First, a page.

Aug 4 • 13M

"We Couldn't Have a Campaign That Was Just For Fat People."

What happened with Old Navy and plus size clothing whiplash, with Mia O'Malley

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Weekly conversations about how we dismantle diet culture and fatphobia, especially through parenting, health and fashion. (But non-parents like it too!) Hosted by Virginia Sole-Smith, journalist and author of THE EATING INSTINCT and the forthcoming FAT KID PHOBIA.
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They're dealing with a consumer that they've never marketed to before and they don't really have the tools to do that. They don't know what's going to speak to that consumer. And it's also fatphobia, right? Because the brand doesn't want to center fat people as their customer. So they have to put everybody together in order for it to be okay. 

You're listening to Burnt Toast. This is the podcast where we talk about diet culture, fatphobia, parenting, and health. I'm Virginia Sole-Smith and I also write the Burnt Toast newsletter.

Today I am chatting once again with the fantastic Mia O'Malley. Mia is content creator on Instagram and Tiktok (@MiaOMalley and @plussizebabywearing). Mia has been on the show before, so you’re probably already a big fan. I asked her back today because we needed to have a deep dive conversation about everything happening at Old Navy with plus size clothing.

Also! Substack has asked us to try out a new format for this episode. Paid subscribers, you’re getting the full audio and full transcript, below. (So nothing has changed, just consider this your July bonus episode!)

Free list folks: You’re getting the first chunk of my conversation with Mia (both audio and transcript), but if you would like the full version, you’ll need to become a paid Burnt Toast subscriber.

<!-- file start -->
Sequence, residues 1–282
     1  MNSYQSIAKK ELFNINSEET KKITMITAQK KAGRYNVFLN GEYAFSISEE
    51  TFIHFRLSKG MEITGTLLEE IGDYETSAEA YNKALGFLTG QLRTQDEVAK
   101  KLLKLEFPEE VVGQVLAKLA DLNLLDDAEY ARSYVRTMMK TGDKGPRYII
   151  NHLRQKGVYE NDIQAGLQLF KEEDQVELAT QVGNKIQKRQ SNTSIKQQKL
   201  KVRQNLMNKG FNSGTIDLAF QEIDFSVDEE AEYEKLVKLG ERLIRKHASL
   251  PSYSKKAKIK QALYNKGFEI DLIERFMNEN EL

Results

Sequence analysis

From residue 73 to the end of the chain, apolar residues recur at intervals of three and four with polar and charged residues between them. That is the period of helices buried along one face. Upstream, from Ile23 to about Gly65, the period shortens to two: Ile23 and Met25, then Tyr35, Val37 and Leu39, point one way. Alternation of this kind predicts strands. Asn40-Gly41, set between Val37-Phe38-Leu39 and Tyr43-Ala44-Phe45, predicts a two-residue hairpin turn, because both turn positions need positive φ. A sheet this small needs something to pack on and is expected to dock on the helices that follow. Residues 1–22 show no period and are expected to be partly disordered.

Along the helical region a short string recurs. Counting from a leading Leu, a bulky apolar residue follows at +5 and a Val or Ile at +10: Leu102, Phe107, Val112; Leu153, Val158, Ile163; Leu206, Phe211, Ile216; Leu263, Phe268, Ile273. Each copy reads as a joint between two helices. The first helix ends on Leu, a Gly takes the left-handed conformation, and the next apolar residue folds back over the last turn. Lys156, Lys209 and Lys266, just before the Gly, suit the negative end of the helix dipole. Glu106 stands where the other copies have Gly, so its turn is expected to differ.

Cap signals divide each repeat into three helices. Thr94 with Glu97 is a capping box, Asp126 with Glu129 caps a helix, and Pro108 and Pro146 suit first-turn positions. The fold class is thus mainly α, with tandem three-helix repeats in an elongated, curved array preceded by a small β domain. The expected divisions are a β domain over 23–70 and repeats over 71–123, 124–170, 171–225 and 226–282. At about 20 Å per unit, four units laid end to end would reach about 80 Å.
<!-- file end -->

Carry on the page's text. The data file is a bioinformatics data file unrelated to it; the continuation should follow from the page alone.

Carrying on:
Reader subscriptions enable me to pay guests like Mia for their time and labor, so please, consider investing in these conversations if this is work you care about. 

When you get full access to my conversation with Mia, you’ll get way more juicy details on the whole Old Navy situation. And you’ll find out the two brands we think are doing a surprisingly GOOD job on plus size clothes right now. I bet it’s not who you think! 

PS. You voted and the results are in: We’ll be reading ESSENTIAL LABOR by Angela Garbes for the August Burnt Toast Book Club! Mark your calendars for Wednesday, August 31 at 12pm Eastern.


Mia O’Malley

Episode 55 Transcript

Virginia

Hi Mia. So we'll start by reminding listeners who you are and what you do.

Mia

I'm Mia O'Malley. I'm a content creator on Instagram. I have my account @MiaOMalley where I share a lot of resources for fat and plus sized people and some of my own style and life. And then I have an account called @plussizebabywearing on Instagram and I'm @plussizebabywearing on TikTok.

Virginia

Last time, we had a pretty wide-ranging conversation where we talked about the intersection of fat activism and momfluencing, about finding a fat-friendly health care provider—all sorts of stuff. But this time, we have a very specific mission. When this news story broke, I was in the middle of writing my book, and I had no time to think about it, but you were on it. Your Instagram is this amazing resource. And I was like, Thank God, Mia will come on and explain to us what is happening with Old Navy and plus size clothing. I mean, it's a mess. How did this all start? 

Mia

So in August of 2021, old Navy launched what they called BODEQUALITY, and it was like, “the democracy of style.” They were going to offer sizes 0 to 30 and XS to 4x at the same price and then they would have it in 1200 stores. And they would be rolling out sizes 0 to 28 with no special plus size section. They also wanted us to know that there were going to be mannequins size 12 and 18. The CEO of Old Navy said, “It's not a one time campaign. It's a full transformation of our business and service to our customers, based on years of working closely with them to research their needs.” The marketing campaign included a TV commercial with Aidy Bryant from SNL and Shrill.

Virginia

So, none of this was subtle. This was a very full-throated, “We are here for plus sizes.”

Mia

Well, yes and no. The campaign was not subtle, but the campaign was also confusing. So many people did not even realize what BODEQUALITY meant.

Virginia

Well, they made up that word. 

Mia